Western Magnesium Corporation held an official signing and unveiling ceremony for its first commercial production site in Harrison County, Ohio. The company signed partnership agreements with numerous economic development groups in Harrison County for the construction of its plant.
“Management spent 16 months vetting other states and searching for the best opportunity for our first commercial plant,” said Sam Ataya, executive president and CEO of Western Magnesium. “This process was made easier by the hard work and support from JobsOhio, the local businesses and the people from Harrison County by their hard work and support and by graciously opening their county and embracing our company.”
The company initiated the planning phase for the project in 2020, when it began looking for a new location for its commercial production plant. Harrison County was chosen over several other locations throughout the U.S. The 122-acre property is adjacent to the future home of a modern mixed fuels power plant, which will be able provide power to for clean magnesium production. It is also close to dolomite supply and has rail and highway infrastructure that will carry the finished magnesium product to industries across the U.S.
The 100,000 metric tonne scalable magnesium plant will utilize a proprietary continuous silicothermic extraction technology for the production of low-cost, green magnesium metal from dolomite. This process significantly reduces labor and energy costs relative to current magnesium production methods and processes, while being environmentally friendly. The new plant is expected to produce 10% of the world’s current supply and will employ over 200 full time and 500 support personnel.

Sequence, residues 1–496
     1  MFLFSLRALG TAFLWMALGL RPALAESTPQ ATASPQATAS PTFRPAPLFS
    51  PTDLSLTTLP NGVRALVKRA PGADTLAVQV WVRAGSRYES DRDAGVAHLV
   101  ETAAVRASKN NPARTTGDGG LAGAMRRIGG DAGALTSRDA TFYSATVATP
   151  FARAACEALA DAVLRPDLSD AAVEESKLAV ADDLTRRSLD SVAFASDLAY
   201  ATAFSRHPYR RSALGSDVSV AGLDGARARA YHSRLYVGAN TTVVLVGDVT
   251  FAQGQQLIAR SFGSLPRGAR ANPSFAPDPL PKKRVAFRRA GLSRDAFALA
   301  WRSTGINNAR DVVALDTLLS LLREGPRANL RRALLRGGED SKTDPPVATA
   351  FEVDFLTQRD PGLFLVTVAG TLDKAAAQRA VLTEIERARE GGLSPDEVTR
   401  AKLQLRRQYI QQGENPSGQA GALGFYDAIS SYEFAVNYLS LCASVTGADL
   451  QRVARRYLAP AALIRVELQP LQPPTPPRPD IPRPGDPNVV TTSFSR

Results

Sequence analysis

“We look forward to working with Western Magnesium towards the successful completion of this innovative project that is over a one-billion-dollar investment with the potential of growing jobs.” said Nicholas Homrighausen, executive director of the Harrison County Community Improvement Corporation.
Bill Johnson, U.S. Congressman, added that construction of the plant was important to the country. “Magnesium is a critical metal that goes into manufacturing and industries like automotive, aviation,” he said. “You don’t have those manufacturing industries in America if you can’t extract magnesium.”
Western Magnesium plans to break ground on the plant within the next eighteen months.